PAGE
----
Can Drinking Kombucha Help with Blood Sugar Control?


Do you enjoy sipping the fermented beverage called kombucha?  Although you might appreciate the tangy flavor of kombucha, researchers at Georgetown University’s School of Health, the University of Nebraska-Lincoln, and MedStar Health recently looked at this tart beverage’s benefits for lowering blood sugar. The results might surprise you. They found that consistently sipping kombucha over 4 weeks triggers a significant drop in fasting blood glucose.

What Is Kombucha?

Kombucha traces its roots back to ancient China and didn’t make its mark in the U.S. until the 1990s. Manufacturers make kombucha by fermenting tea with bacteria and yeast. Because it’s fermented, kombucha contains probiotics, gut-friendly bacteria that scientists believe are beneficial to gut health.  The fermentation process also creates a small amount of alcohol. Despite its growing popularity fueled by claims of enhanced immunity, elevated energy levels, and reduced inflammation, tangible scientific evidence to support these benefits is scarce, but that doesn’t mean they’ don’t exist.

As Dr. Dan Merenstein, a study author and professor of Human Sciences in Georgetown’s School of Health, points out, “While some laboratory and rodent studies have shown promise, and a small study in individuals without diabetes revealed blood sugar reduction, this is the inaugural research examining kombucha’s effects in people with diabetes. The journey of research ahead is extensive, but these preliminary findings hold great promise.”

The Clinical Trial: Sipping Kombucha for Lower Blood Sugar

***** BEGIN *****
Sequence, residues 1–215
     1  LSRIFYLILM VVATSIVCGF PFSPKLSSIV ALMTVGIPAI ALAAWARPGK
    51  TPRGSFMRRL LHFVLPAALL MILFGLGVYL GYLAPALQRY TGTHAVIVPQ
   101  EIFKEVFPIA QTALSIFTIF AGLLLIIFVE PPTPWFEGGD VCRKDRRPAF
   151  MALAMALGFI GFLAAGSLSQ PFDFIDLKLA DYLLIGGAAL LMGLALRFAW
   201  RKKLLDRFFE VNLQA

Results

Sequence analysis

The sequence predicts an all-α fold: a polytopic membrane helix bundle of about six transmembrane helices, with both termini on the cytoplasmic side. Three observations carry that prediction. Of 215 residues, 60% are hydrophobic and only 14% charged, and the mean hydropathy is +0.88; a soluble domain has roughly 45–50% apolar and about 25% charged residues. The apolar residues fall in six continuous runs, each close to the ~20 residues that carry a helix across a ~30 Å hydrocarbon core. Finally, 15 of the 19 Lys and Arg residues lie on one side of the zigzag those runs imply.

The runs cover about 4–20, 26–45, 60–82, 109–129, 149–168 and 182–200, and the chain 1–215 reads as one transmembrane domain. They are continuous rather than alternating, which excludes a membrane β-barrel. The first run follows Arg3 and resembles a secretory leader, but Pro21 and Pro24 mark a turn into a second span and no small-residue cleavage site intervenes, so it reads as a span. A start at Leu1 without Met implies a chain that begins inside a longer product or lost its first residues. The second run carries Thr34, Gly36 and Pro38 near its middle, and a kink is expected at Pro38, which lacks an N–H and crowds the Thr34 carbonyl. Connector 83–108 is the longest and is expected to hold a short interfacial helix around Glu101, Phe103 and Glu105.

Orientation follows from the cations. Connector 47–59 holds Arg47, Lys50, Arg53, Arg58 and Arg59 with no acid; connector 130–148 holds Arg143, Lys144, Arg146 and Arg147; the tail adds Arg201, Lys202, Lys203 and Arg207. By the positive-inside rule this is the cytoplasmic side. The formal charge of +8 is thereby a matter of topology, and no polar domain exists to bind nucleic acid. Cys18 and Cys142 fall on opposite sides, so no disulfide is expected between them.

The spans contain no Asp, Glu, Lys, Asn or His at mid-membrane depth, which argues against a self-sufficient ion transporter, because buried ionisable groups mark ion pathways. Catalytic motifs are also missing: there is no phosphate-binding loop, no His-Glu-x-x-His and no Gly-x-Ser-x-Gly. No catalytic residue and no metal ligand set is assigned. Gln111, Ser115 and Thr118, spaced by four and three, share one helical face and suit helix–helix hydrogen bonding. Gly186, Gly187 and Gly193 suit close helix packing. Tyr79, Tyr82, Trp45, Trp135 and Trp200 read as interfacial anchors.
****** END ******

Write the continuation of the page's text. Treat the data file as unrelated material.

Merenstein points out the study’s strength is in its crossover design, where participants consumed either eight ounces of kombucha or a placebo beverage daily for four weeks. This was followed by a two-month “washout” period to negate any lingering effects before swapping the beverages between groups for another four weeks. The participants were unaware of which beverage they were consuming during each phase.

Remarkably, after four weeks, kombucha consumption was associated with a notable drop in average fasting blood glucose levels, from 164 to 116 milligrams per deciliter. In contrast, the placebo’s effect was not statistically significant. This shift aligned with the American Diabetes Association’s recommended range of blood sugar levels before meals, falling between 70 to 130 milligrams per deciliter.

Looking into the microbial orchestra of fermenting microorganisms in kombucha, the researchers pinpointed lactic acid bacteria, acetic acid bacteria, and the yeast Dekkera as the prominent players. RNA gene sequencing confirmed their presence in equal proportions, supporting their potential significance.

Dr. Robert Hutkins, the study’s senior author, adds, “Microbial compositions might vary slightly across different brands, yet the foundational bacteria and yeasts remain consistent, reflecting functional similarity across brands and batches.”

How Might Kombucha Lower Blood Glucose?

You might wonder how kombucha lowers blood glucose. Although scientists don’t know the exact mechanism, they have some theories. Research shows people with type 2 diabetes are more likely to have an unbalanced gut microbiome. Such an imbalance may contribute to blood sugar spikes.

Plus, people with type 2 diabetes are at higher risk of low-grade inflammation that contributes to insulin resistance and blood sugar spikes.  Kombucha contains probiotics that help boost gut microbiome diversity and antioxidants that help counter inflammation. Kombucha made with green tea contains green tea polyphenols that help fight inflammation. Studies show that when mice get green tea polyphenols, their fasting blood glucose levels dropped.